Patel et al v. Trivedi et al

Filing 103

ORDER denying 101 Motion for Protective Order. (See Order for specifics.) Signed by Honorable P. K. Holmes, III on September 29, 2014. (mll)

Download PDF
IN THE UNITED STATES DISTRICT COURT WESTERN DISTRICT OF ARKANSAS TEXARKANA DIVISION NATVERLAL and JASWANTI PATEL v. PLAINTIFFS Case No. 4:10-CV-04195 NEW YORK LIFE INSURANCE COMPANY DEFENDANT ORDER Currently before the Court is Defendant New York Life Insurance Company’s (“New York Life”) motion to clarify, or, in the alternative, renewed motion for a protective order (Doc. 101). No response has yet been filed by the Patels, who are Plaintiffs in this case. New York Life’s motion asks for clarification of the Court’s previous Opinion and Order (Doc. 100) because the parties cannot agree on the scope of permissible discovery in this case. The motion also renews the motion for a protective order because New York Life does not believe it can produce a Rule 30(b)(6) witness in compliance with the Patels’ current notice duces tecum. The Eighth Circuit’s opinion remanding to this Court held that the Patels stated a plausible breach of contract claim based on three policies. The Court of Appeals did not hold that the breach claim is limited solely to the issue of rescission of the waiver of premium riders. Instead, it held that pleading the rescission issue was enough to overcome the barrier posed by New York Life’s motion to dismiss. The Patels are therefore entitled to discovery relevant to the breach of contract claim on these three policies. The Patels’ failure prior to the instant dispute to develop their breach of contract claim beyond the rescission issue is immaterial. 1 The Court’s Order (Doc. 100), which denied New York Life’s motion for a protective order, explains that the Rules allow broad discovery relevant to breach of contract. Nowhere 1 Except insofar as that failure to develop the case led to the Court’s earlier pronouncement that the lone issue remaining “is narrow and limited.” (Doc. 83). 1 does that Order limit discovery solely to the issue of rescission of the waiver of premium riders. Instead, discovery is limited to the pending breach of contract claim, as opposed to unpleaded or dismissed tort claims. Nothing in the Court’s Order limits the scope of discovery solely to the rescission theory of the case on the breach claim. The Court reminds the parties that the scope of discovery is intended to be broad as to both documents and witnesses produced. Although the Patels have pleaded a breach only of three policies, it is at least conceivable that information regarding other policies may be relevant to the pending breach claim. The example given by the Court in its Order was the issue of payments the Patels made and which policies they were applied to, but other information (such as evidence related to other policies that might establish a course of dealing between the parties) may also be relevant to the breach of contract claim on the three policies at issue. New York Life has not established that the evidence related to other policies is irrelevant to the breach of contract claim on the allegedly-breached policies, 2 so the Court will not preemptively prohibit discovery of that entire category of evidence. Going forward, if one party refuses to produce evidence or a witness that another party believes is relevant, a motion to compel is the appropriate vehicle to address that issue. New York Life’s instant motion also renews its request for a protective order because counsel for New York Life does not believe it is able to produce a 30(b)(6) witness at the time of the scheduled deposition, and the Patels have not agreed to reschedule the deposition. A protective order may be issued under Rule 26 for “good cause” in order “to protect a party or person from annoyance, embarrassment, oppression, or undue burden or expense.” Fed. R. Civ. P. 26(c)(1). “The burden is . . . upon the movant to show the necessity of its issuance, which 2 New York Life’s claim that no breach occurred because a waiver was granted on policy 470 is a merits determination dependent on facts revealed by discovery, not a basis for limiting discovery on the breach claim. 2 contemplates a particular and specific demonstration of fact, as distinguished from stereotyped and conclusory statements.” Gen. Dynamics Corp. v. Selb Mfg. Co., 481 F.2d 1204, 1212 (8th Cir. 1973) (quotation omitted). It appears that the Patels are unwilling to reschedule the deposition in light of the looming close of discovery and the amendment deadlines imposed by the scheduling order, and because Plaintiffs’ counsel has already purchased airline tickets and hotel reservations. It also appears that as of September 19th or 20th, counsel for New York Life still had “not yet begun to identify an appropriate designee.” (Doc. 101-1, p. 1). New York Life’s earlier decision to narrowly interpret the scope of the remaining breach of contract issue and its decision not to prepare for requested discovery are not good cause, and the renewed motion will be denied. The Court’s conclusion, drawn from exhibits attached to the parties’ filings, is that the present conflict arises in part from the deadlines in the scheduling order. Therefore, the parties are ordered to meet and confer regarding a limited modification of the scheduling order. Although the current discovery issues do not appear to justify rescheduling the trial or motions deadlines, it appears there may be good cause for a short extension of the discovery period and the deadline to seek leave to amend. After meeting and conferring, a joint motion may be filed pursuant to Rule 16(b)(4). If amending the scheduling order does not allow the parties to amicably resolve the current issue, further action may be considered at that time. IT IS THEREFORE ORDERED that New York Life’s renewed motion for a protective order (Doc. 101) is DENIED. IT IS SO ORDERED this 29th day of September, 2014. /s/P. K. Holmes, III P.K. HOLMES, III CHIEF U.S. DISTRICT JUDGE 3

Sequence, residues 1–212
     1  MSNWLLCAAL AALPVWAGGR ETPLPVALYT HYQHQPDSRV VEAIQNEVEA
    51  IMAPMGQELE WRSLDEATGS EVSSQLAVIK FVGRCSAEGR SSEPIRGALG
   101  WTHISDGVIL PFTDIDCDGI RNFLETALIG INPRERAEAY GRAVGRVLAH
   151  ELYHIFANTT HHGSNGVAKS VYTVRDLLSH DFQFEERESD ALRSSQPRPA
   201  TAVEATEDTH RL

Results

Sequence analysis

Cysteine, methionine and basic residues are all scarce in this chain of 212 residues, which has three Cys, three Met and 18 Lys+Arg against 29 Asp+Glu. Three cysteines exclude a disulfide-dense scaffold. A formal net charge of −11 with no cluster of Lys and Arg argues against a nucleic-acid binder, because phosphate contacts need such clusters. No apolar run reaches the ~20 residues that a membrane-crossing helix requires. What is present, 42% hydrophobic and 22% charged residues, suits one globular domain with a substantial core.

Disclaimer: Justia Dockets & Filings provides public litigation records from the federal appellate and district courts. These filings and docket sheets should not be considered findings of fact or liability, nor do they necessarily reflect the view of Justia.

Why Is My Information Online?